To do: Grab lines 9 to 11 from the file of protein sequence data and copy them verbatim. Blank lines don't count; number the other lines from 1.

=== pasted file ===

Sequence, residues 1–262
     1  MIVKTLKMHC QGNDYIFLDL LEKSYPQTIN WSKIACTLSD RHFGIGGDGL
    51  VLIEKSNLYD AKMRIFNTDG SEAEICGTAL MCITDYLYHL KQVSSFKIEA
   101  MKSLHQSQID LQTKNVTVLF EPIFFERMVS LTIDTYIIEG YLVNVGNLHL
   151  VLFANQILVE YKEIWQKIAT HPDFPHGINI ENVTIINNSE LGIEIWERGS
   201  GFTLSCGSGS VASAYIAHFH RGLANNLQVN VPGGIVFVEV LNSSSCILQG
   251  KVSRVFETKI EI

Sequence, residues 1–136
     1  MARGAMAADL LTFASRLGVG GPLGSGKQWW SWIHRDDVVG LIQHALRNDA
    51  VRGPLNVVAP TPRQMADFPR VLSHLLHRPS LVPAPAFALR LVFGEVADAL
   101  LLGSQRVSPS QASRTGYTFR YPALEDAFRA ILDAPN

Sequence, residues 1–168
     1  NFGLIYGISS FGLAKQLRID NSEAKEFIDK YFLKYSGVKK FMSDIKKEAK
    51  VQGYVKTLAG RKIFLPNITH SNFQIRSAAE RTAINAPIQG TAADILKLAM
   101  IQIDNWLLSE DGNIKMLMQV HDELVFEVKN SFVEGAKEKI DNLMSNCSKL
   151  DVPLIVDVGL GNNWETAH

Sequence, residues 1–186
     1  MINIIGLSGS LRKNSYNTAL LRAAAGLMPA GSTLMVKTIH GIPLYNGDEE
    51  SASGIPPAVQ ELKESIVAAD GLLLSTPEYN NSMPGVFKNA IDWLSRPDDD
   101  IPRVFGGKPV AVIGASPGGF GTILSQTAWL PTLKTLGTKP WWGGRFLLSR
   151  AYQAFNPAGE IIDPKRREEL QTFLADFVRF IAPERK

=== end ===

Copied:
     1  MARGAMAADL LTFASRLGVG GPLGSGKQWW SWIHRDDVVG LIQHALRNDA
    51  VRGPLNVVAP TPRQMADFPR VLSHLLHRPS LVPAPAFALR LVFGEVADAL
   101  LLGSQRVSPS QASRTGYTFR YPALEDAFRA ILDAPN